|Lossless screen recording||Never waste resources with OBS again||Amolith||Recording your screen (or monitors) with ffmpeg for a high-quality lossless video that uses very few system resources||2018-08-12T17:15:20-04:00||/assets/pngs/ffmpeg-lossless.png||[Technology]||[FFmpeg CLI Minimalism]|
I've been trying off and on for the past few weeks to figure out how to record my 1920x1080 monitor. The recording is going to be some music videos for a friend. Originally, it was just going to be a single background image for the whole video then I had the idea of using cava in a transparent terminal on top of the background. This didn't work at all because it actually kept freezing when I tried to record it. So I tried switching to ncmpcpp's visualiser. This still had horrible lag so I've been puzzling over how to use ffmpeg to losslessly record my second monitor. The reason OBS and similar screen recorders are so slow is because, most of the time, they encode to the end format while recording and that uses a lot of system resources. I finally figured it out and have pasted the command below.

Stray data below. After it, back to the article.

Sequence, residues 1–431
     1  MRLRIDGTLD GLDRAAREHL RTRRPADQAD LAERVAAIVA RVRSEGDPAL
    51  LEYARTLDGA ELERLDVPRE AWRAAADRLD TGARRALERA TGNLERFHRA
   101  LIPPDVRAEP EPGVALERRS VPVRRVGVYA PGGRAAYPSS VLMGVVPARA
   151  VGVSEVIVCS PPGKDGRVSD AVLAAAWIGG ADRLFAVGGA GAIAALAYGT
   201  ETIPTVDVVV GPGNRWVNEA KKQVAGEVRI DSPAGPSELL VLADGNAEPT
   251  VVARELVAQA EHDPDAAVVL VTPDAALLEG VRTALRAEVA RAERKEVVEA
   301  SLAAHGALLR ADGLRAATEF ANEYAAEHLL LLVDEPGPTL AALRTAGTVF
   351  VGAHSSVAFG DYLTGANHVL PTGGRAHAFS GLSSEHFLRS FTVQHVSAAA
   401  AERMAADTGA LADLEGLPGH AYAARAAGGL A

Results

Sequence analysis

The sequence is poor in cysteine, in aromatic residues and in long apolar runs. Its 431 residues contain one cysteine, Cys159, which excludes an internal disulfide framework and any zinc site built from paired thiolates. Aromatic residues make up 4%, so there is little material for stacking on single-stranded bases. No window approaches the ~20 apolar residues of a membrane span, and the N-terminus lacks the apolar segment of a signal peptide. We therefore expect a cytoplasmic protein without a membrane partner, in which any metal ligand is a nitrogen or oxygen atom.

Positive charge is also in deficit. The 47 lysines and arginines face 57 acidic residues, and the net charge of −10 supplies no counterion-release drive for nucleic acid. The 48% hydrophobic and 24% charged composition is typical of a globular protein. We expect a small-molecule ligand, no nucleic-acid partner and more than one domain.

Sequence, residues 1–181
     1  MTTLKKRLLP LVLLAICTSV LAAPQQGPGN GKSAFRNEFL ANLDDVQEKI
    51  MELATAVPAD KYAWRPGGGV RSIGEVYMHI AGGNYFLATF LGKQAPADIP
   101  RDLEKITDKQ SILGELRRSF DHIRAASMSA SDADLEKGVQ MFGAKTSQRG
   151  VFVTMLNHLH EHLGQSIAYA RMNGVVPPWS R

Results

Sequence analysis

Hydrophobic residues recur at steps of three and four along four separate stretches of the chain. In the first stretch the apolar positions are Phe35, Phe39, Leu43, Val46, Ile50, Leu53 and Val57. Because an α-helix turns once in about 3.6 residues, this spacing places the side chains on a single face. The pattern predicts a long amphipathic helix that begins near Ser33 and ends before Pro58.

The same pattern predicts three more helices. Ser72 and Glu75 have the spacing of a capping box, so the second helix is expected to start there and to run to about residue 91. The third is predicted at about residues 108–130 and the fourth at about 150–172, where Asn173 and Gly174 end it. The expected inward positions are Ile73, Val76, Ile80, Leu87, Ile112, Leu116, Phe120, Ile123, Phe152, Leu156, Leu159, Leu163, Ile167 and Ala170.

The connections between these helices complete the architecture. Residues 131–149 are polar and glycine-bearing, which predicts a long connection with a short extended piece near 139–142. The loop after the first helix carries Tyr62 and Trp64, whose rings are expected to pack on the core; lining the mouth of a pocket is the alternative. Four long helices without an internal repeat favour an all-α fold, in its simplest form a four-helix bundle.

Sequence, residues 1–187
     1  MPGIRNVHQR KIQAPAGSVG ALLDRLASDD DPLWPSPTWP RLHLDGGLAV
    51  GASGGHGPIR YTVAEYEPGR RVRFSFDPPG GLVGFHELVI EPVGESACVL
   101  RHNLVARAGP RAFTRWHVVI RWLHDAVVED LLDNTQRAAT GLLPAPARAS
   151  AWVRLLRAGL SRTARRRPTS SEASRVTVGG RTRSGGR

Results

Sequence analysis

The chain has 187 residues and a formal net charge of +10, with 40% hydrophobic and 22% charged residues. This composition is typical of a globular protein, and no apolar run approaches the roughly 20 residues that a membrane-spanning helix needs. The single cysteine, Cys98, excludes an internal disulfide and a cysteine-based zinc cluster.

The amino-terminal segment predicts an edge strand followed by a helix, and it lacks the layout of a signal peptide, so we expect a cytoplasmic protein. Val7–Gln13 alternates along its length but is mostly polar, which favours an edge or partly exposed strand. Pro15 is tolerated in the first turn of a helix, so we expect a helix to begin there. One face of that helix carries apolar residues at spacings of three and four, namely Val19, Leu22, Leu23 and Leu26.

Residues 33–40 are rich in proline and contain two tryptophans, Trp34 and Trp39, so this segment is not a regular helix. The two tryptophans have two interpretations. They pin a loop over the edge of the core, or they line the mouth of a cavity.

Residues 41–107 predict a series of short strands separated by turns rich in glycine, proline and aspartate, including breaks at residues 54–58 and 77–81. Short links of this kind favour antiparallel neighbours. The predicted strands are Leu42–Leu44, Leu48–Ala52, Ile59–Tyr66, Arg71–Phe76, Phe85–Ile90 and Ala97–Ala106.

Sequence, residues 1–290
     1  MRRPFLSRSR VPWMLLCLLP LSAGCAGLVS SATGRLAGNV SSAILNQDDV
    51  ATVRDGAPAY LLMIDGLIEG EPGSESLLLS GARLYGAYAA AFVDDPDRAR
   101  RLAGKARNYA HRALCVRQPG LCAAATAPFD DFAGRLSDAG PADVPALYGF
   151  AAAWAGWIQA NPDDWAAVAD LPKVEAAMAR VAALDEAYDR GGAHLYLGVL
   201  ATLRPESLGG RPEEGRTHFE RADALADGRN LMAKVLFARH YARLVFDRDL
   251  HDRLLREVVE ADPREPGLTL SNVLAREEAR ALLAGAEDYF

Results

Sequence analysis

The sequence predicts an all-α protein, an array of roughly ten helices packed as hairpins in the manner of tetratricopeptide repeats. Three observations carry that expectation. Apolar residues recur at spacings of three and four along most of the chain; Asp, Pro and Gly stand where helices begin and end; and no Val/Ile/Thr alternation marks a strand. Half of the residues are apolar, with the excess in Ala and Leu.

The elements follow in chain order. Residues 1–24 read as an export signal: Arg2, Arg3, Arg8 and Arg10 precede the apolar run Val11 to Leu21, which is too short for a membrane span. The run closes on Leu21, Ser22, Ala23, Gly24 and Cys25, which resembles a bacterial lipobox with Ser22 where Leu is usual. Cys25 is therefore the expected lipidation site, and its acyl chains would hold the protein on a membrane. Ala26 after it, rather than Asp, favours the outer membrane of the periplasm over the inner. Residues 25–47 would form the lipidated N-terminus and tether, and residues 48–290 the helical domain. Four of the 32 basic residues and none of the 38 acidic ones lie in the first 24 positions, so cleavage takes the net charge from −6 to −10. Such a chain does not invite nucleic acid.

ffmpeg -video_size 1920x1080 -framerate 30 -f x11grab -draw_mouse 0 -i :0.0+1366,0 -c:v libx264 -crf 0 -preset ultrafast output.mkv
Above is exactly what I used for my 1080p monitor with 768p laptop screen. I've modified the command so you can see what you need to edit for your use-case.
ffmpeg -video_size <target-resolution> -framerate 30 -f x11grab -i :0.0+<width-of-unused-monitor>,0 -c:v libx264 -crf 0 -preset ultrafast <filename>.mkv
If you do not want the cursor recorded, add
-draw_mouse 0 directly
x11grab like I did in the first command.
My video was 470mb for a ~13 minute video. If you're going to archive the recording or are concerned about file size, re-encode it with a slower preset. This will be a lot slower and take a lot of CPU but the resulting file is significantly smaller than the original and still lossless. I this as a general purpose screen recorder. Previously, I was using OBS and the lag in the video was incredible but with ffmpeg, it's smooth as butter. The command for re-encoding is below:
ffmpeg -i output.mkv -c:v libx264 -crf 0 -preset veryslow output-smaller.mkv
This command only works with X, not Wayland. Skimming
page, I see that
video4linux2 is another option for capturing video so
you may be able to replace
x11grab with it for the same result. I have
not tested this so I don't know if it'll work or not.